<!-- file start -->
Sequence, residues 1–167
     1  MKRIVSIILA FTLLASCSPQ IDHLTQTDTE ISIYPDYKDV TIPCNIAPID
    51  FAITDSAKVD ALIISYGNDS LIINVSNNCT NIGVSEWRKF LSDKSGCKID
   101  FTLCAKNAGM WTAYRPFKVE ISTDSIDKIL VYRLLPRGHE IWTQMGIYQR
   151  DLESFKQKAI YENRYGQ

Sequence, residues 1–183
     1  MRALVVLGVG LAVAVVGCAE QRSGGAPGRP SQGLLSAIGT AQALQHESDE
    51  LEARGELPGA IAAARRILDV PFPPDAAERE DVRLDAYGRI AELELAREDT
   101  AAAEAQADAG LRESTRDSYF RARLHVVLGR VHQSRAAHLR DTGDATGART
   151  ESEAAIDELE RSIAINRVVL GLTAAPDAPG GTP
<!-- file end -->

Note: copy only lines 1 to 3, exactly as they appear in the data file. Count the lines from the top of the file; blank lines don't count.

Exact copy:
Sequence, residues 1–167
     1  MKRIVSIILA FTLLASCSPQ IDHLTQTDTE ISIYPDYKDV TIPCNIAPID
    51  FAITDSAKVD ALIISYGNDS LIINVSNNCT NIGVSEWRKF LSDKSGCKID